Share Watch: Alumsac is a buy as profits soar

Despite the higher costs of imported raw materials, Alumasc reported double-digi

Each month Richard Beddard trawls through annual corporate results for his Watchlist and the Share Sleuth portfolio of companies that satisfy key valuation metrics such as earnings yield and return on capital – and profiles the most interesting candidates.

Alumasc (ALU): Profits on a roll

Despite the higher costs of imported raw materials, Alumasc reported double-digit revenue and profit growth in 2017, fulfilling the building product supplier’s ambitions of growing revenue faster than the construction sector grows, and growing profit faster than revenue.

The company is a conglomeration of relatively small businesses that manufacture and source specialist products. Its UK market leading brands are Levolux, which makes solar shading, and Alumasc Rainwater, which makes aluminium guttering and downpipes. Gatic is also a market leader in access covers (for example, for manholes). Alumasc has substantial roofing and walling businesses, including Blackdown, which supplies living roofs planted with vegetation, and Timloc, a small but highly profitable business that supplies housebuilders.

The company is on a bit of a roll, having disposed of unrelated and sporadically loss-making engineering businesses, paid off most of its borrowings and lifted profitability to impressive levels. Return on operating capital was 26 per cent in the year to June 2017, a year in which it doubled export sales. They now account for 17 per cent of total revenue.

Alumasc’s focus on specialist products seems to be paying off . Often these products help buildings meet regulations, for example by saving energy and protecting the environment. Because they are on the exterior of buildings, they must also look good, which is another point of differentiation for Alumasc.

A share price of 174p values the enterprise at just over £90 million or 12 times adjusted profit. The earnings yield is 8 per cent.

However, while the earnings yield is attractive, investors should proceed with caution. Alumasc has a large deficit in its defined benefit pension scheme, which it’s plugging valiantly to the tune of £3.2 million a year. And the construction industry is notoriously cyclical. Although the spread of its businesses may afford some protection in a downturn, it would be reckless to assume it will always be this profitable.

Industry forecasts indicate modest growth for the year ahead, and the company expects to improve profit margins as the impact of the devaluation of the pound recedes, investments come on stream, and efficiency improves as production levels increase.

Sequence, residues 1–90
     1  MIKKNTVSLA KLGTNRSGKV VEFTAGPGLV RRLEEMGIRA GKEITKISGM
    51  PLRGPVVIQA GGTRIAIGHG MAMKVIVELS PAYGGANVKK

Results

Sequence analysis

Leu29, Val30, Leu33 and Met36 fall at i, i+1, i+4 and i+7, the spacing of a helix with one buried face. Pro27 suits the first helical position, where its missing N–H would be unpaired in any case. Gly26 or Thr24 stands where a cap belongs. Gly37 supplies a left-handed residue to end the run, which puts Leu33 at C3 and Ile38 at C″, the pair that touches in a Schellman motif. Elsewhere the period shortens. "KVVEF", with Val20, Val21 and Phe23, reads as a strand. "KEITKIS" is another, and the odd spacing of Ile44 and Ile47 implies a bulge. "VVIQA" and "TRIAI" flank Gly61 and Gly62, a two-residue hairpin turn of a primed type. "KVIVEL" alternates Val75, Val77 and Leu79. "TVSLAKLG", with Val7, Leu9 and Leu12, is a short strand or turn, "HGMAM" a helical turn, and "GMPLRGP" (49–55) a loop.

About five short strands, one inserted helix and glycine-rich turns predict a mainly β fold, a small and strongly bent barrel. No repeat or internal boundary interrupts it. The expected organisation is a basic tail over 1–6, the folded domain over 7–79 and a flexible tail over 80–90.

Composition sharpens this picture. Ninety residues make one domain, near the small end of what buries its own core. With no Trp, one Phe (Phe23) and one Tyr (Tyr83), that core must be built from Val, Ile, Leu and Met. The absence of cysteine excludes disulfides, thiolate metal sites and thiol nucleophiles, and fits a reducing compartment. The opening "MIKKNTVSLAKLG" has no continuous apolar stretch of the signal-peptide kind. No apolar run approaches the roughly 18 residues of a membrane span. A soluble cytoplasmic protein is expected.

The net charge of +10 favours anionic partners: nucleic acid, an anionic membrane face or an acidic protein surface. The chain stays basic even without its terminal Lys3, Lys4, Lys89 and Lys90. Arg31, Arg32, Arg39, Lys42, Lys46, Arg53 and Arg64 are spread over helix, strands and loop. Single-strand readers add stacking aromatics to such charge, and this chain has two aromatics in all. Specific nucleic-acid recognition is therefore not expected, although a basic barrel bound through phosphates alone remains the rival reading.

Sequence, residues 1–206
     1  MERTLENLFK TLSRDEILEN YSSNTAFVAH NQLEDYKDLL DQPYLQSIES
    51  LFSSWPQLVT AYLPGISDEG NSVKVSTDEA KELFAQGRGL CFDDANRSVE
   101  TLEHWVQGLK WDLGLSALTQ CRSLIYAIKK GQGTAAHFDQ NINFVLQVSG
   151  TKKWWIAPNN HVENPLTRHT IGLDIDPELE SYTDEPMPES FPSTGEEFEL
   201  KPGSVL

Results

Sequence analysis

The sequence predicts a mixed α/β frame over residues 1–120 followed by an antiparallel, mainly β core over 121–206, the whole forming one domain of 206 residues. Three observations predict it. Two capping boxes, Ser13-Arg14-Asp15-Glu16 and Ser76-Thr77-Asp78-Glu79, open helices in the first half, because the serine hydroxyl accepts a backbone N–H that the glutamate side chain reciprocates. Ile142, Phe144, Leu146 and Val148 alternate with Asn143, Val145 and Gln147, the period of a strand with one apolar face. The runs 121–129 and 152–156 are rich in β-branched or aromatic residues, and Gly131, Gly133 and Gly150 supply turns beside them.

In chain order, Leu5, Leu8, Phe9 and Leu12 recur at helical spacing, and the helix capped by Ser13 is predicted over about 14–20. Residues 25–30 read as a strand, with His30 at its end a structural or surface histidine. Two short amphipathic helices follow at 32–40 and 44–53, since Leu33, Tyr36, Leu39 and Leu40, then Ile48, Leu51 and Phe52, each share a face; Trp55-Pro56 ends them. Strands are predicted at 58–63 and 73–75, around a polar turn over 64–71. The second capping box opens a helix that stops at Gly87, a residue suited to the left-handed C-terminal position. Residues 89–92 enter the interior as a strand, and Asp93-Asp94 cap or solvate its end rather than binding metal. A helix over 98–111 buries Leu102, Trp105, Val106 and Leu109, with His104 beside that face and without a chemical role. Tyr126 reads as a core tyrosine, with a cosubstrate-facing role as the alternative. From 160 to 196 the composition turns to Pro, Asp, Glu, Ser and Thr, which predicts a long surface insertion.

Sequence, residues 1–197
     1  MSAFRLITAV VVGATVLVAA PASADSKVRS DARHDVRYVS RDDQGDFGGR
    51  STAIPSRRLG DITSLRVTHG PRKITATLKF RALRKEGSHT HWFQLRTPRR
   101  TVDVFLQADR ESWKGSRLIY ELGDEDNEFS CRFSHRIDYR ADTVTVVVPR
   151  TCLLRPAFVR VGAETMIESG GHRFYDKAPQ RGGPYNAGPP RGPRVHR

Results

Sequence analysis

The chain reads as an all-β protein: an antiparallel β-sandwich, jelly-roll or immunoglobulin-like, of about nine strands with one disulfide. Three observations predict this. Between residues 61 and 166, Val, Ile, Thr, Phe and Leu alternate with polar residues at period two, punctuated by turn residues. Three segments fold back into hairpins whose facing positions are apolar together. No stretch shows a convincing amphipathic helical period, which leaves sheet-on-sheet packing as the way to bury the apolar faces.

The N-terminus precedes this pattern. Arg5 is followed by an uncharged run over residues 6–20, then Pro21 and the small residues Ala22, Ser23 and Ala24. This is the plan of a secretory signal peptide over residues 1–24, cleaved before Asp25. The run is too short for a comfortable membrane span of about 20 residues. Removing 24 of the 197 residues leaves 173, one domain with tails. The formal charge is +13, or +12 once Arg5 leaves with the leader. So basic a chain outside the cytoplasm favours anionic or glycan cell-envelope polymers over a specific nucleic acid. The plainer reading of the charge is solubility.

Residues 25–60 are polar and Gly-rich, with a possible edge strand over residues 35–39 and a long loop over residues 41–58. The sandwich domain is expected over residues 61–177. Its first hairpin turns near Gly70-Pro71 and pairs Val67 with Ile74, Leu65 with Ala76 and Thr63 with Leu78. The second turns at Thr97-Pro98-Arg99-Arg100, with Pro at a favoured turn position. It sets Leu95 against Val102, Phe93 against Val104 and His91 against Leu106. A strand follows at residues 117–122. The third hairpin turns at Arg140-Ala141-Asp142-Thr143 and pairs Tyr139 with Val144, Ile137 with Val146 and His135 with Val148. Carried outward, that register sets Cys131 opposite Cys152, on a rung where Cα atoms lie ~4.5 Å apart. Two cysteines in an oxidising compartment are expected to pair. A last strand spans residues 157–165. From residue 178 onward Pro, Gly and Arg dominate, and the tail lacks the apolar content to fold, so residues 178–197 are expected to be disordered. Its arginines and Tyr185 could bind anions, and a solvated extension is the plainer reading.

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Finsbury Food (FIF): Baker’s big leap forward

Considering the devaluation of the pound, which increased the price of imported raw materials such as butter and sugar, and higher labour costs due to the national minimum wage, Finsbury Food probably did well to equal revenue and marginally lift profit in the year to July 2017.

Finsbury Food bakes cakes and bread, which it sells to supermarkets and, via distributors, to coffee shops, restaurants and canteens. As well as supplying supermarkets with their own brands, it differentiates itself by producing themed cakes under licence. During the year it renewed a longstanding agreement with Thorntons to manufacture and market bite sized cake treats, and launched a low-sugar Disney range and a range of cakes developed with Mary Berry. Cranks, Vogels, and Village Bakery lend their names to healthy loaves of bread.

Despite the brands and licences, Finsbury Food’s business model is mostly about efficiency, keeping costs down so it can keep its big customers happy with low prices. The company made a big leap forward in 2014 when it acquired Fletchers, which brought it new customers in the food-service industry and made it one of the UK’s biggest bakers. In subsequent years Finsbury Food has lifted capital expenditure to record levels, automating production lines and opening a new bread factory.

The investment is necessary to keep bearing down on costs, because baking is still fairly labour-intensive and further increases in the minimum wage are to come. Impressively, though, acquisitions and investment have not driven Finsbury Food to take on too much debt as it did during the financial crisis. Chief executive John Duffy, who was promoted to turn the company around 2009, is probably alive to the dangers.

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In the year to July 2017 the company took another step to defend profitability, when it closed Grain d’Or, a loss-making pastry business it acquired with Fletchers in 2014. A share price of 107p values the enterprise at £195 million, about 13 times adjusted profit. Trading on an earnings yield of 8 per cent, the shares could well be good value.